Author: Paul Holmes
The PR industry needs to offer greater flexibility and greater freedom to employees if it is to attract and retain the necessary talent for future success.
Introducing the discussion, moderator Lindsay Patterson, an executive coach and coaching consultant—and former senior executive with Interel—insisted that better talent management is critical to the future of the profession: “We can’t innovate without the right people and we need to start thinking about people and not human resources, because without those people we are nothing and we can’t deliver.”
She presented research conducted in the UK, and identified a number of issues around flexibility.
“We talk about flexibility in the context of women, but this is an issue for men too,” he said, pointing to a finding that four out of five men want flexible working. The same survey found that 90% of employees—across the board—dislike the nine-to-five day.
“We also need to think about the fact that women make up 70% of this industry, but only 30% of CEOs are women. There’s a long way to go in terms of women’s opportunities in this industry.”
That has been a critical factor in some of the talent practices at UK-based tech agency Hotwire, according to the agency’s HR director Loveday Langton, who points to the number of women who leave the industry during their child-bearing years and never return. “We need to show them they can stay in PR. If we want to keep all that talent and skill, we need to let them know they can stay.”
Hotwire has several other innovative policies, including the working hours to suit the talent and in the US allowing people to work anywhere at any time.
“Traditionally, PR is a command and control culture,” Langton said. “Moving away from that requires a different management style. There can be a lack of trust, but the things people are worried about—will they perform, will they deliver—are issues whether people are in the office or working from home. Work is something you do, not somewhere you go. People can think about the way that’s more effective for them to work on a given day.”
A more legitimate concern, she acknowledged is the impact on team-building and culture, that sense of belonging and relationships.
Kaija Pohjala, CEO of Finnish PR firm Cocomms and a leadership and business coach, has made “happiness” a focus, and one of the company’s values.
“Happiness was value from the beginning because we were all having fun, from when we started,” she said. “The new recruits today, who are much younger, we end up in interesting discussions about that happiness means in the workplace. Happiness doesn’t mean that you do whatever you please… it means it cool to do work that really has benefits for the customer.”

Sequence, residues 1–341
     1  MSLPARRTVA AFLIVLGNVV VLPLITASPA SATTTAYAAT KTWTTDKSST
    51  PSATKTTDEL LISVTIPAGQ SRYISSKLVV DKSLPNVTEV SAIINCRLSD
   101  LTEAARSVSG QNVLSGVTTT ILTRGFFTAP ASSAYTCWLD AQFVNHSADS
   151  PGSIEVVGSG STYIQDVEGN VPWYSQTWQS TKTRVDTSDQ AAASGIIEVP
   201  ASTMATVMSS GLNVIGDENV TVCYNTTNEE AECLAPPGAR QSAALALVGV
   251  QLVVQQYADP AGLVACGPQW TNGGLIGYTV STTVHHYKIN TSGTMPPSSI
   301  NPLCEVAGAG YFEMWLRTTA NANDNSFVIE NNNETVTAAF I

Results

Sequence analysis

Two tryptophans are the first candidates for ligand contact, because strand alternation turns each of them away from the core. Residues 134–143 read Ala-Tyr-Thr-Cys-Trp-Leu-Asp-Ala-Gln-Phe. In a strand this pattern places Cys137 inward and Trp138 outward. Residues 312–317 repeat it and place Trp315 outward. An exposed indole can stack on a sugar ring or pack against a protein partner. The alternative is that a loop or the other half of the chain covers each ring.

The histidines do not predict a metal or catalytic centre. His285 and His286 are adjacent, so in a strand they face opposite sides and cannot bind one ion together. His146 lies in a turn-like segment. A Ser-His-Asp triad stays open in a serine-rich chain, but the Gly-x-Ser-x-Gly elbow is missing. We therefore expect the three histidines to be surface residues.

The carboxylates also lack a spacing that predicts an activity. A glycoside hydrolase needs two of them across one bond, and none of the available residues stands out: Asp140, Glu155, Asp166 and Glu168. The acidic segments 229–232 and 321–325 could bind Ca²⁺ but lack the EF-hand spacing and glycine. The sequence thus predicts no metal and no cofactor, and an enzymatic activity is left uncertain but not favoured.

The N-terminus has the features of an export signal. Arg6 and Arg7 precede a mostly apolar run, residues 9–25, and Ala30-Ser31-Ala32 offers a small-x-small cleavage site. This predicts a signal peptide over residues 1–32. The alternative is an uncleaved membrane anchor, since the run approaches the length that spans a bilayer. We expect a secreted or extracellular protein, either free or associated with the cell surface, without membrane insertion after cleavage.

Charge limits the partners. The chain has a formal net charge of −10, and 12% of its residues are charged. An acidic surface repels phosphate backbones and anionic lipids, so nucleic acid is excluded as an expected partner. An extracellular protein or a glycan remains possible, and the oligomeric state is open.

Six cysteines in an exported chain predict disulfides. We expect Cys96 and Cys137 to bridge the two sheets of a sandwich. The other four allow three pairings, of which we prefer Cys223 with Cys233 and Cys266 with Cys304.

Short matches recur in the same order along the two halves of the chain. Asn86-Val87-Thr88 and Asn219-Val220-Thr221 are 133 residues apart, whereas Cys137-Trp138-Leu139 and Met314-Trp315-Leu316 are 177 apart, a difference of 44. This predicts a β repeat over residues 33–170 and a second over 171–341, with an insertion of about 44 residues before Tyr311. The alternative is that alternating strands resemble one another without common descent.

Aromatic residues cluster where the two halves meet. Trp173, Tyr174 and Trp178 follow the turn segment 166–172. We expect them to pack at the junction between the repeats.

She also believes in giving people the freedom to set their own hours. “I don’t pay to see their face. I require for them to have the results. As long as the client is happy and the team is happy, they can do the work as they want.” She also discussed the impact of generous maternity—and paternity—leave policies in Nordic region. “Every man in our office with a child took six to nine months paternity leave,” she told an audience that included several shocked Anglo-Saxon males.
Taking leave has no negative impact on their careers, she said. “When I see director potential in someone, I don’t worry about whether they are going to take maternity leave or paternity leave. I think long-term. And if they are at home with their kids, they will appreciate what the company is doing. I think they make perfect directors, perfect managers, perfect project leaders. When they come back they are different people, like we moms who have been away.”
In the UK, men are entitled to paternity leave. But, “in the UK the reality is it does damage your career, we know that,” said Langton. “It damages women’s careers. And so in the UK, men are entitled to six months’ paternity leave, but only about 1% of them do it.”
What is necessary, it appears, is a change in the culture, not just a change in the rules.